Wednesday, May 07, 2008

Protesters Pack Hearing on Hospital Closing

A formal state hearing on the proposed closing of Muhlenberg Regional Medical Center turned part rally, part revival meeting as more than 1,000 people packed the Plainfield High School auditorium Tuesday.

Members of the State Health Planning Board appeared to hear comments from the public in a session scheduled from 6 to 8 p.m. Both oral and written comments were to be gathered as part of the decision-making process to close the hospital.

But residents of Plainfield and surrounding towns served by the 130-year-old hospital came out in force to say the only acceptable outcome was for the hospital to stay open. Already pumped up by a series of prior rallies, including one preceding the hearing, the audience vociferously cheered speakers, despite warnings that the extended outbursts were stealing time from those wishing to comment.

Comments from more than 30 speakers ranged from predictions that deaths will result from patient transport to more distant hospitals to accusations that Muhlenberg’s parent corporation, Solaris, deliberately skimmed off all profitable aspects of health care to benefit JFK Medical Center in Edison. The session ended with the audience linking hands to pray for divine intervention.

During the session, speakers called for audits of Solaris finances, voiced concern for the lack of transportation to other hospitals and questioned the reasons to close a hospital that offers acute care services to 13 Central Jersey municipalities. Speakers included Assemblyman Jerry Green, Fanwood Mayor Colleen Mahr, Plainfield City Council President Harold Gibson, Councilman Cory Storch and other elected officials.

Although the board members were only there to receive comments on Muhlenberg, they heard condemnations of the state and national health systems from both legislators and residents.

The possible failure of Muhlenberg was blamed on a system that demands care for all, despite minimal reimbursement for Medicaid, Medicare and charity care. Due to the gaps, Muhlenberg had been losing money since 1997 and had now reached an untenable level of operation, hospital officials said in previous meetings.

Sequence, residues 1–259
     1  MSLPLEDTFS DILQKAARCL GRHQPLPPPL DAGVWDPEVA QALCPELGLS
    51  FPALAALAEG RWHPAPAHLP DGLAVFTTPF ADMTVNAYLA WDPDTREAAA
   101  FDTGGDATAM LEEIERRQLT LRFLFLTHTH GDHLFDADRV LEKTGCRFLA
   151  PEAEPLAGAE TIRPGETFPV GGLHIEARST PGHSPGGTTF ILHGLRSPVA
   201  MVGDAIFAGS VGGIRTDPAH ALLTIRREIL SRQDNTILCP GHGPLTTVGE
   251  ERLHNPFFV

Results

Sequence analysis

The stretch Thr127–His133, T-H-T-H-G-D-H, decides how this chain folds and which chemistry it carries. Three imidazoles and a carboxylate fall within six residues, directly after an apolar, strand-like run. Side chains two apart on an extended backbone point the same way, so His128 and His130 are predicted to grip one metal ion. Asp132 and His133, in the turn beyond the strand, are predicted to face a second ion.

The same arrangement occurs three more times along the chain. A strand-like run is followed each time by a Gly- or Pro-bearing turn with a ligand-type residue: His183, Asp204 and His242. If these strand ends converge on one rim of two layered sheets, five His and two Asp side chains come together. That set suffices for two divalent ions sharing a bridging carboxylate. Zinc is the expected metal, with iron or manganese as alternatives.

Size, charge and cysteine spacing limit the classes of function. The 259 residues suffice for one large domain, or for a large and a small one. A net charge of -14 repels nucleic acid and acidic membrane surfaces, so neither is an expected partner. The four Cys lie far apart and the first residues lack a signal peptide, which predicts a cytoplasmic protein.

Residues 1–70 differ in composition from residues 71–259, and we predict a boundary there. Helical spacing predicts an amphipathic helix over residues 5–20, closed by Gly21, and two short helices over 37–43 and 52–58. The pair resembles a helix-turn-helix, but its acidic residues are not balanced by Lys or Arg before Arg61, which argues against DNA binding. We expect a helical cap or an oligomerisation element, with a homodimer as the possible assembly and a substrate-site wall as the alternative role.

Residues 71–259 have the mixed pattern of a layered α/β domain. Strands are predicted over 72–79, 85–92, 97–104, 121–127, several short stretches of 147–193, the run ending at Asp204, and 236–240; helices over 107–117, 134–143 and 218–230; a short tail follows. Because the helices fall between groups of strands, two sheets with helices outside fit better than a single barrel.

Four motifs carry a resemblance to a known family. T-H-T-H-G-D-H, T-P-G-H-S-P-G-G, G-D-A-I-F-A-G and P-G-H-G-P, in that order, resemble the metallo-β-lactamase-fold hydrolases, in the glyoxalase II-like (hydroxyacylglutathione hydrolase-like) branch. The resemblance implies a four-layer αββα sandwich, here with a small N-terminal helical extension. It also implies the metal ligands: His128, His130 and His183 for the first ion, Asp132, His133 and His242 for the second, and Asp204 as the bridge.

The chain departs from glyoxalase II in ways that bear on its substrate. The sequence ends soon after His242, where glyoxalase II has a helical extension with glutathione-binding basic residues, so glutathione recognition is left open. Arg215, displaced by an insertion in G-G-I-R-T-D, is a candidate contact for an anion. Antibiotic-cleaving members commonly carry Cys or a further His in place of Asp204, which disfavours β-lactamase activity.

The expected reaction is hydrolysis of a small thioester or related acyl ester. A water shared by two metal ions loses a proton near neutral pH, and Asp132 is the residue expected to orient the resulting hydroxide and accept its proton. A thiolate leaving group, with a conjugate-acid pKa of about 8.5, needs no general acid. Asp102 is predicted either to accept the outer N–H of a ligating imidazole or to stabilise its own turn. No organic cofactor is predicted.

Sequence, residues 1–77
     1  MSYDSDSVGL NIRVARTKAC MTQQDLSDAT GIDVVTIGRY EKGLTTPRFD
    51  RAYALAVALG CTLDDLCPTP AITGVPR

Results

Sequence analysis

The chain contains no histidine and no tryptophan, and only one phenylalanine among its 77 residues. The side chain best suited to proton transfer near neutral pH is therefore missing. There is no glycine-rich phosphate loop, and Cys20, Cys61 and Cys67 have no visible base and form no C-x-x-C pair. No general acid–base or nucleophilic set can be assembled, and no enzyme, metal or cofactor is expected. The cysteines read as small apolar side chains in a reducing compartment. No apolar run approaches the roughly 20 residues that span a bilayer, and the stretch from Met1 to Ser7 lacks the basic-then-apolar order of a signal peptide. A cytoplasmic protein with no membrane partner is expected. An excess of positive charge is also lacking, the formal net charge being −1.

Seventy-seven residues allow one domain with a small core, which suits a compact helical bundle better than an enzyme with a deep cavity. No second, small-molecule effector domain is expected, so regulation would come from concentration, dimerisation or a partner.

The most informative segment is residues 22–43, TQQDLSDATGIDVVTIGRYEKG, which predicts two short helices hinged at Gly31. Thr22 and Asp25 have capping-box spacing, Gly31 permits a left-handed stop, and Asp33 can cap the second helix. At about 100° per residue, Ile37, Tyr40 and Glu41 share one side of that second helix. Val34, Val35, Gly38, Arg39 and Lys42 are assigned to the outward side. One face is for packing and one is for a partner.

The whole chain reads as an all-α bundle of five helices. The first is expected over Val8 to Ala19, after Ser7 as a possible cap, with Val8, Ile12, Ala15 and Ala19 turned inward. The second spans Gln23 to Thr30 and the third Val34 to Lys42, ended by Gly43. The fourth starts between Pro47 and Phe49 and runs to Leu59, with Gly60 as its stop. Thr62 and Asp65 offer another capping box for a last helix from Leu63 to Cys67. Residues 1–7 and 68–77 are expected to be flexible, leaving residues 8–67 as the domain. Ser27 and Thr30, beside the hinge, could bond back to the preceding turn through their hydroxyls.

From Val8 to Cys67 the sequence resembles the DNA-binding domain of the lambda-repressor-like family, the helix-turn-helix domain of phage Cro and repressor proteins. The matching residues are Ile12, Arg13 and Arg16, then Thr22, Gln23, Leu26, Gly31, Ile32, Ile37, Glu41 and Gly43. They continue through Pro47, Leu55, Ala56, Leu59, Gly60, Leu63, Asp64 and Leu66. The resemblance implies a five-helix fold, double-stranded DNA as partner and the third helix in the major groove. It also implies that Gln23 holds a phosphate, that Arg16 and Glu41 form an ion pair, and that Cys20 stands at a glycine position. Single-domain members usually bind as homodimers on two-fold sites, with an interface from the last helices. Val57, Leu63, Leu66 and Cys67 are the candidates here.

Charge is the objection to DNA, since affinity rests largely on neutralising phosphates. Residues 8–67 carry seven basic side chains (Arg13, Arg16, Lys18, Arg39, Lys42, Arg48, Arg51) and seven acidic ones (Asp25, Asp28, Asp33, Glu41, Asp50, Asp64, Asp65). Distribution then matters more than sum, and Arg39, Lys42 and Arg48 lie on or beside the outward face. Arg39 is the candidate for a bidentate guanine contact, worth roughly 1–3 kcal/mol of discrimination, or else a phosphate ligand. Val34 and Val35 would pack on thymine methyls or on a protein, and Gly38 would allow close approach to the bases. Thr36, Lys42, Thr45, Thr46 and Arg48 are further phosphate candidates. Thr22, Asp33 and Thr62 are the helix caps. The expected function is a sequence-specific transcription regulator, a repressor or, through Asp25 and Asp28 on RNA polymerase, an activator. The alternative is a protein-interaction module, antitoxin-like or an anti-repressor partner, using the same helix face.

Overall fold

Among the comments at the hearing:

Larry Hamm, president of People’s Organization for Progress, called the situation “a health care Hurricane Katrina.”

Councilman Cory Storch called for support of Sen. Joseph F. Vitale’s health care reform proposal, as well as a medical enterprise zone in Plainfield.

Resident Dottie Gutenkauf called for an audit of Solaris finances, describing its relation to Muhlenberg as “corporate raiding.”

Attorney Bennet Zurofsky said the certificate of need process is not normally used for closing a hospital, adding, “CN doesn’t mean corporate need, it means community need.”

Activist Flor Gonzalez said her son was born at Muhlenberg and had served in Iraq. She questioned how there could be billions for war and not enough money to keep Muhlenberg open.

Carmen Salavarietta, a Plainfield Health Center board member, said 800 children with asthma will be in danger if Muhlenberg closes. She stated bluntly, “Solaris lied to you and all the papers.”

Josef Gutenkauf drew cheers when he refused to give in to the three-minute limit. He compared the hospital closing to the Dreyfus affair, saying, “This case was decided before it went to trial.”

Jeff Scheckner of United Way gave figures on the impact the closing will have on 13 communities, affecting 154,000 people.

Several doctors testified, including Dr. Harold Yood, an 88-year Plainfield resident and past president of Muhlenberg’s medical staff. Yood said the transfer of assets “produced a shell out of what was once one of the best hospitals in New Jersey” and called for postponement of the closing “until the facts are verified.”

Protesters will hold a forum at 6 p.m. tonight in the Plainfield Public Library and will rally again at the State House in Trenton Thursday. A mass meeting will be held Monday at DuCret School of the Arts and a noon “March and Rally to Save Muhlenberg” will be held May 17, starting at Park Avenue and East Front Street.

--Bernice Paglia


Anonymous Anonymous said...

Citizen response was outstanding. However, the politicians words are of little solace! Where was their voice when the deal was struck to close Muhlenberg Hospital. Assemblyman Green has much to answer for. If anyone thinks that he was not brought into the decesion making that resulted in the closing of the hospital, they are nieve.

12:04 PM  
Anonymous Anonymous said...

perhaps it's time the state reviewed Solaris' non-profit status.

2:02 PM  
Anonymous Anonymous said...

To the respondent who spoke about Jerry Green needing to answer to the citizens, remember the citizens must also speak for themselves.

The June 3 primary is a great starting point to make your voice heard for a new Plainfield.

6:25 PM  

Post a Comment

<< Home